Hernan Cortes





Hernan Cortes


“Spanish soldier and explorer”

Born: 1485
Died: 1547



In the year of 1485 Hernan Cortes (Hernando Cortez) was born in the small town of Medellin, Spain. When Cortes was a child he decided he wanted to be a Spanish conquistador (conqueror).


At the age of 18 Hernan Cortes sailed for the island of Hispaniola, then to the Spanish headquarters of the West Indies. There he became a soldier and a farmer for the Spanish government. He later sailed with the conqueror Diego Velasquez to help conquer Cuba in 1511. After the conquer of Cuba Velasquez became governor of Santiago, and Cortes mayor-judge or Alcalde.


During this time Cortes was living in Santiago when Velasquez told him to go establish a colony in Mexico. Velasquez soon called off the order. Cortes still got people together and set sail. During the battle of the Indians Cortes captured and brutally beat the people he caught. This also includes an Aztec princess which he called Marina. She later became his adviser, interpreter, and lover.


Cortes continued to sail. On April 21, 1519, he landed on the site of Vera Cruz. When there to prevent all thought of retreat, he burned his ships. After 3 warlike battles with the Tlaxcalans, a brutal army of Indian warriors, they became friends. On November 8, 1519, Cortes reached Tenochtitlan (now Mexico City) and was graciously received by Montezuma, Aztec emperor. After Cortes established headquarters in the capital he learned the Aztecs had plundered Vera Cruz. Cortes later captured Montezuma and forced him to send the attackers. When the attackers got there. He had them EXUCUTED! Velasquez had sent an army to have Cortes arrested. He later defeated this army and enlisted the survivors into his army.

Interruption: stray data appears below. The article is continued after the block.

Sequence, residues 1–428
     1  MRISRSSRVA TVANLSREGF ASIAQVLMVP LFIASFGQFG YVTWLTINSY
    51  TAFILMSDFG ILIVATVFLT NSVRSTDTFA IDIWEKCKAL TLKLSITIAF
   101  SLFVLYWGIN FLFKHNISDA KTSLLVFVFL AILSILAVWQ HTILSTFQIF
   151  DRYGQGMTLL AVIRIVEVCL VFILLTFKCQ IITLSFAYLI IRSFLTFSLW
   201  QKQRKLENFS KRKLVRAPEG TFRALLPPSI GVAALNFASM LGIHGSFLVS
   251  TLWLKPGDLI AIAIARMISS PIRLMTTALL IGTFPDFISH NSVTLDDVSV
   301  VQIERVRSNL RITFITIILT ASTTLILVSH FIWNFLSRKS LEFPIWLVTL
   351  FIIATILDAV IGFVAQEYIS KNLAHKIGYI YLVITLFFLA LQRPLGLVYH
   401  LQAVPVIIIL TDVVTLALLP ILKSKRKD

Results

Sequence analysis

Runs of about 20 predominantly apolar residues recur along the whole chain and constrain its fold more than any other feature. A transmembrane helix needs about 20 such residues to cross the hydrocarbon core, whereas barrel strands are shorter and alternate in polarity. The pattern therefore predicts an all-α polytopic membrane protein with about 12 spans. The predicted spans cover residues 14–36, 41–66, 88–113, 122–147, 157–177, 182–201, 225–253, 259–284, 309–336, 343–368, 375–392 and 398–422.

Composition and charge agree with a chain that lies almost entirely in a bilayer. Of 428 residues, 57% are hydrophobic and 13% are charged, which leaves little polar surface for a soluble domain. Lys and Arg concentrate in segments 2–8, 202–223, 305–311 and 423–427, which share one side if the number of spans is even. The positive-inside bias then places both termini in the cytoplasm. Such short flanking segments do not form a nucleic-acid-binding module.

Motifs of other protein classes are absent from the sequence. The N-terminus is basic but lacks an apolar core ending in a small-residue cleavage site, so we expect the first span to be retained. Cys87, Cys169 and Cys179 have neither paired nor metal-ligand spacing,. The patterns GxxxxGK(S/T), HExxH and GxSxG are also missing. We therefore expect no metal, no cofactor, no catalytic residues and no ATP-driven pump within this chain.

When he had returned to the Aztec capital the leader of the garrison there had slaughtered 600 Mexican nobles. Cortes reached the heart of the city he was attacked by hundreds of Aztec warriors.


Montezuma was brought there by his people, but they stoned him, and later he died of his wounds. Cortes’ army was then surrounded and apparently doomed. But he and three others found the chieftain and killed him. Dismayed by the “miracle”, the Aztecs withdrew. With fewer than 500 of his men left alive, Cortes in July 1520 made his way back to his Tlaxcalan allies. Cortes besieged Tenochtitlan again, from ships, the following May. Then, on august 13, 1521, Guatemoc, the new Aztec emperor, surrendered. This was the end of the great empire of Aztec.


Among the next seven years Cortes established peace upon the Indians in Mexico and developing mines and farmlands. In 1528 he went home and was received back with great honor. On his visit to Spain (1528-1530) Cortes was made marques de Valle de Oaxaca.


When Cortes died it was on Dec. 2, 1547 near Seville.